If you’re looking to buy a home along Colorado’s Front Range, you’re probably all too familiar with the low inventory and high costs in our real estate market. For many first-time home buyers, considering a condo or townhome opens up additional options. However, it’s important to know the differences between buying a single-family home and buying a condo or townhome.
A condo or townhome complex usually belongs to a Home Owners Association (HOA), which operates by collecting HOA dues from unit owners to pay for various items like insurance for the exterior of the complex and/or the interior of the units, gas, electricity, water, trash, recycling, common area maintenance, pools, tennis courts, snow removal, etc.
The difference between a condo and townhome
Owning a condo means you own the individual unit as well as an interest in the common areas. Owning a single-family townhome means you own the individual unit plus the land it’s on. One easy way to tell the difference is to look at the legal description of the unit. An example of a condo’s legal description is: Unit 1 Bldg G, plus the name of the condominium complex. An example of a single-family townhome’s legal description is: Lot 1 Block 2, plus the name of the townhome’s subdivision.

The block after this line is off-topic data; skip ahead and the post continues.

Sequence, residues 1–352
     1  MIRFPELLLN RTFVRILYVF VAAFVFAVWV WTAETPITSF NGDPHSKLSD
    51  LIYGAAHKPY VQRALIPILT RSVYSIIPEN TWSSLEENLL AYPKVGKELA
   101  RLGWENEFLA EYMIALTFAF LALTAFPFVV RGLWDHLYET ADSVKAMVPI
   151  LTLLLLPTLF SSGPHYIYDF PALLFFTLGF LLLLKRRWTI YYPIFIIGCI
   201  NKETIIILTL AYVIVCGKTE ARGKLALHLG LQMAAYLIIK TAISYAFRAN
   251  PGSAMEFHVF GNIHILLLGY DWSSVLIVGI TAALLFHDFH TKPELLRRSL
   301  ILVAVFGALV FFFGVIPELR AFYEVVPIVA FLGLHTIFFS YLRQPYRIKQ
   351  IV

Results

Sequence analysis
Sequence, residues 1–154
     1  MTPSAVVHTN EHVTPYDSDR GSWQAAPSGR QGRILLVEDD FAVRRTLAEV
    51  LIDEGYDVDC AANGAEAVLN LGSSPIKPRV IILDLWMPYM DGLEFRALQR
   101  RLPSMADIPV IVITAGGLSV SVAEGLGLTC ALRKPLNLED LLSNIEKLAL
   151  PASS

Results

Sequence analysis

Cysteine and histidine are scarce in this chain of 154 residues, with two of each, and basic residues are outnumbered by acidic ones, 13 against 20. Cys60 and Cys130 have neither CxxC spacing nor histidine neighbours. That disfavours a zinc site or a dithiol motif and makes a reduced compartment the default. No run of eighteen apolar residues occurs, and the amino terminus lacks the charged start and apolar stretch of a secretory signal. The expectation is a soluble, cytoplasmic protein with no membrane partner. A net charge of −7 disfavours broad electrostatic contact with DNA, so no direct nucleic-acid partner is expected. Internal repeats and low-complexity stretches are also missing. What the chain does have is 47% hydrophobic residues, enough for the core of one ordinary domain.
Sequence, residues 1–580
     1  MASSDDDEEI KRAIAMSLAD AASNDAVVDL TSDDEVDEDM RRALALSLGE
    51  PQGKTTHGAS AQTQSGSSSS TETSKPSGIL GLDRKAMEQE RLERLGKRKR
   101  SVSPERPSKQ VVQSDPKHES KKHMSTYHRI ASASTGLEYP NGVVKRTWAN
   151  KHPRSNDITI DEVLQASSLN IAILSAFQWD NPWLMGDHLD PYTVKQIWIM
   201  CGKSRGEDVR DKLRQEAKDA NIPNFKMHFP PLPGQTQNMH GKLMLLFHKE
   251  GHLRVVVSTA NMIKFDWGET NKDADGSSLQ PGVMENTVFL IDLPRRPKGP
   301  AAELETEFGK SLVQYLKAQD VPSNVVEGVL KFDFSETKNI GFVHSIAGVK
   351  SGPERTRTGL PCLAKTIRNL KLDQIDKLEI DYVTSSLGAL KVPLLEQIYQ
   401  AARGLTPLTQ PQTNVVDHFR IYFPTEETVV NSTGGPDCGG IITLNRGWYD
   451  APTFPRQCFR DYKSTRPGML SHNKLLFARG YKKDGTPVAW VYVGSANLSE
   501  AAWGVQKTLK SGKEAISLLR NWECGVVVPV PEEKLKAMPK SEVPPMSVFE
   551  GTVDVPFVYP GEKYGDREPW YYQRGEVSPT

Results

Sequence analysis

Ask these questions before you buy a condo or townhome
- Is the HOA well-managed and do many homeowners actively participate in the meetings? Obtain meeting minutes from recent HOA meetings and read through them.
- Is the HOA in good financial standing? Looking at the HOA’s records will show if it has sufficient financial reserves if it’s imposed any special assessments, and how frequently HOA dues have increased in the past.
- Are the HOA dues a good value? Learn what the HOA fees cover and determine whether you’ll actually use the amenities you’re paying for, like a pool or fitness center.
- Is the HOA overbearing or underbearing? Read the HOA covenants, look at how well-maintained the grounds and buildings are, and ask your soon-to-be neighbors for the inside scoop.
- Will the complex maintain its value? Look around—construction or development nearby could influence future resale value.
- How comfortable is the complex? Listen to see if you can hear road noise, dogs or neighbors when you’re in the unit. Keep in mind what time of day you’re visiting the unit. Scheduling a showing when neighbors are more likely to be at home can provide better insight into the unit’s environment. You could also stop by the complex in the evening or morning to see how busy and noisy it is around the area at different times of the day.
Bonus Tip: It’s useful to learn the percentage of owner-occupied units in the complex you are considering.